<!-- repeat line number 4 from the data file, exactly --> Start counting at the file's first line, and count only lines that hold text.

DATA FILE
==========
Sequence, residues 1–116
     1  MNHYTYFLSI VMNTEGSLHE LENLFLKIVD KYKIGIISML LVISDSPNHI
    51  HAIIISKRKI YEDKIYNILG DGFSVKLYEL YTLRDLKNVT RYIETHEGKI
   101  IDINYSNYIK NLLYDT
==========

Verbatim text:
   101  IDINYSNYIK NLLYDT